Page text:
Annabel Bishop, Chief Economist at Investec Bank and a regular panellist at Regenesys events has this to say about our rating situation: “…..SA has been falling through the credit ratings increasingly quickly and is at BB from Fitch (for both its foreign and local currency ratings), while from Standard and Poor’s SA’s local currency rating is BB but its foreign currency (country) rating is BB-.  The next step after BB- is single B, followed by the C grade ratings and then D, for default.”

So, the outlook is not good.

Heather Rolfe, Director  of Research at Demos, the international research and survey organisation says:

“The coming months and years are going to be among the most challenging in our lifetime for our economy, our society, and many of us individually. Problems of unemployment, low productivity, declining competitiveness and low innovation will be hard to resolve; harm will be inflicted on people’s working and personal lives. The post-coronavirus labour market is going to be very different to the one we left behind in March.”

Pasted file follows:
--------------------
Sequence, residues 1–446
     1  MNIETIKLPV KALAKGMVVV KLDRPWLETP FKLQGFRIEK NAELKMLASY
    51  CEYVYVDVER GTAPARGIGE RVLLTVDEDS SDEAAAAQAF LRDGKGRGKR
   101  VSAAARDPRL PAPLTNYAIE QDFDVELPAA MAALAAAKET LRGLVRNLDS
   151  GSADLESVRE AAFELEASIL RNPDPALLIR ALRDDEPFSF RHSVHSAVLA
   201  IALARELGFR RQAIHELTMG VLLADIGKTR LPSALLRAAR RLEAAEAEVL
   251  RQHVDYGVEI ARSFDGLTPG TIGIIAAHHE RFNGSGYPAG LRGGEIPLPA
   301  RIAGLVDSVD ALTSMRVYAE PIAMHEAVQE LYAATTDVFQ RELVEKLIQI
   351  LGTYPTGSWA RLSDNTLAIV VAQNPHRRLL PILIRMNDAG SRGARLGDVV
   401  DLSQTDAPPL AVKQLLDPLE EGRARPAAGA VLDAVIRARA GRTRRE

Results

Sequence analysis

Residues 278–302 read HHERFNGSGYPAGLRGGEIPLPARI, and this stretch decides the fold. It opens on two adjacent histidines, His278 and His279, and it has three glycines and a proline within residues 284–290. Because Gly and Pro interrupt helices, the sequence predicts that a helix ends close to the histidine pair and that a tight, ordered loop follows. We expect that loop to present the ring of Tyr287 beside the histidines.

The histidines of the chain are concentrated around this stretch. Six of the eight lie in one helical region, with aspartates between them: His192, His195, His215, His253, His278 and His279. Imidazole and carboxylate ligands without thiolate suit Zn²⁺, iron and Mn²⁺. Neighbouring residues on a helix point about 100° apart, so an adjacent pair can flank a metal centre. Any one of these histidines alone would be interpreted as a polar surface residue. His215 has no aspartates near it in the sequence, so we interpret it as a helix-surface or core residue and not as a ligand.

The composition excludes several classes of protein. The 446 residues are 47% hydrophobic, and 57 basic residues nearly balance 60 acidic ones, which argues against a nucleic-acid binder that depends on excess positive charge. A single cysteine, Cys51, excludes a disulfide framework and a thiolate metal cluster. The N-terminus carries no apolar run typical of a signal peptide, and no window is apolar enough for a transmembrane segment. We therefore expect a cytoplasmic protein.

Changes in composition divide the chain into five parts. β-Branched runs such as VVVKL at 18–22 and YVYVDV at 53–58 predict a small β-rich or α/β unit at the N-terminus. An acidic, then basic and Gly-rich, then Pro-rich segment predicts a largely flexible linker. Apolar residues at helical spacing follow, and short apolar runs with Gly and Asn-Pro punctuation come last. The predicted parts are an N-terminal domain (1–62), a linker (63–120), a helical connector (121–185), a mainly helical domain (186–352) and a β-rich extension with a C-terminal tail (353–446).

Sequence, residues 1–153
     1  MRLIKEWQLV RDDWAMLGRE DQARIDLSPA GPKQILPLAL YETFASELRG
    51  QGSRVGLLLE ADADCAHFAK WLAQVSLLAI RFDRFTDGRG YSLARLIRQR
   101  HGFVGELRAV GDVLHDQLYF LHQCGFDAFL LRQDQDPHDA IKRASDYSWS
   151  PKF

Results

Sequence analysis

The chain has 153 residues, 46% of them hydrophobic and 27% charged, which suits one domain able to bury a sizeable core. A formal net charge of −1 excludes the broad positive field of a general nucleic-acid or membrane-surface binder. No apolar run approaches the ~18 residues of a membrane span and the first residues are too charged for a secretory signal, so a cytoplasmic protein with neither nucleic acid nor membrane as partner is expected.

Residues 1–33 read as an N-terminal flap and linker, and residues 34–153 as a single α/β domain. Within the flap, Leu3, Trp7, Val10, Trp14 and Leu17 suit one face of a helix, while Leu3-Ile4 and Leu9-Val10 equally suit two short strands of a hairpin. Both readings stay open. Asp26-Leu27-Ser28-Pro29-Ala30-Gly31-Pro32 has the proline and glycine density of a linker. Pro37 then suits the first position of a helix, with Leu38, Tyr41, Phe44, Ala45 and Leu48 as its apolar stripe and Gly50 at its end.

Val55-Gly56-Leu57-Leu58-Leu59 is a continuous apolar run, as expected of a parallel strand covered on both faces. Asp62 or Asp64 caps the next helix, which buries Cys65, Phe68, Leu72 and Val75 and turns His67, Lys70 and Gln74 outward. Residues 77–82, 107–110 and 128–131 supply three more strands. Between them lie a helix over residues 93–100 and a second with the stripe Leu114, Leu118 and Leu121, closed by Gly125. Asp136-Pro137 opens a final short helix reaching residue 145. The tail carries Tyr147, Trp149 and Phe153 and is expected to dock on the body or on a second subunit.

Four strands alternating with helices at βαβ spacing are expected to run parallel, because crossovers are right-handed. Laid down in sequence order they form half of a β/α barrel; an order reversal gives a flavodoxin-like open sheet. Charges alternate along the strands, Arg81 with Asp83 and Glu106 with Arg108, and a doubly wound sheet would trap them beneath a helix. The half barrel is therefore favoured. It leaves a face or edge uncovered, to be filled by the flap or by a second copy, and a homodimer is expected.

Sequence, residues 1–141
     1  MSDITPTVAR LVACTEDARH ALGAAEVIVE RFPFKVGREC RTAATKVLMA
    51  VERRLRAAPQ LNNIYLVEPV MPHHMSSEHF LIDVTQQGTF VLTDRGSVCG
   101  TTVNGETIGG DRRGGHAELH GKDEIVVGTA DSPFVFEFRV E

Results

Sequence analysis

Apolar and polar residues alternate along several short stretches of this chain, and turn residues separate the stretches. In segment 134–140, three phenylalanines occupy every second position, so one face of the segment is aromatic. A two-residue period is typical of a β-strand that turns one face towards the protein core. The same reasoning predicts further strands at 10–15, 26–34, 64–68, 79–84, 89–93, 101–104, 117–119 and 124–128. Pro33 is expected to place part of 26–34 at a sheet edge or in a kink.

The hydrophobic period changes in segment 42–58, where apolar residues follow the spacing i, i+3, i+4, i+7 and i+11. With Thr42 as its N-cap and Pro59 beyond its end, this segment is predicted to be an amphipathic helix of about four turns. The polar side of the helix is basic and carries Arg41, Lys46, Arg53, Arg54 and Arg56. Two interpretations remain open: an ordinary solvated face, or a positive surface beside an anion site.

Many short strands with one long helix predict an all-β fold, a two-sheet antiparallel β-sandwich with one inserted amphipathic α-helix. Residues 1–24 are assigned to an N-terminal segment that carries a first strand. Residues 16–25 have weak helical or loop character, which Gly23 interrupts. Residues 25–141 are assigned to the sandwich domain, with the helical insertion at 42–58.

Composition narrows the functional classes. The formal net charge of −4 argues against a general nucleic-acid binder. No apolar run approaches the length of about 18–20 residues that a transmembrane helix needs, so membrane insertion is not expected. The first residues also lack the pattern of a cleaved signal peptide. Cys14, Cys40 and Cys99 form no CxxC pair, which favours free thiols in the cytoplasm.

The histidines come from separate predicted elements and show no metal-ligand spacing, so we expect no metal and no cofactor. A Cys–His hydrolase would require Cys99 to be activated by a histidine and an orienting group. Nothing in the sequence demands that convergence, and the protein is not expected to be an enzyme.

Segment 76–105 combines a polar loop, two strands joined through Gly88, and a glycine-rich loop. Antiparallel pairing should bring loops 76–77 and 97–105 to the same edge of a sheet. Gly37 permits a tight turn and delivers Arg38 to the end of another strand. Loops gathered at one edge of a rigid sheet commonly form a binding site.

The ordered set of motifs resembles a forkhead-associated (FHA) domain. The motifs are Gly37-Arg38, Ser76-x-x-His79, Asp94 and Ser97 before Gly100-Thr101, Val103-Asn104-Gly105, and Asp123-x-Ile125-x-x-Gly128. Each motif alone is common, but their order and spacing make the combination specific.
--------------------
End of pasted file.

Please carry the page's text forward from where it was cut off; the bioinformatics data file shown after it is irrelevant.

She continues: “As we come out of the crisis, we need a recovery strategy focused on getting people back to work, into jobs that are skilled and sustainable, in sectors we want to grow. This needs to include changes to the benefits system, to local economic planning. It also needs changes to our immigration policy which looks set to hinder recovery. It needs coordinated policies and action at national and local levels. And most of all, it needs to focus on people and skills.

The ILO reports that worldwide, more than 436 million enterprises face high risks of serious disruption. These enterprises are operating in the hardest-hit economic sectors, including some 232 million in wholesale and retail, 111 million in manufacturing, 51 million in accommodation and food services, and 42 million in real estate and other business activities.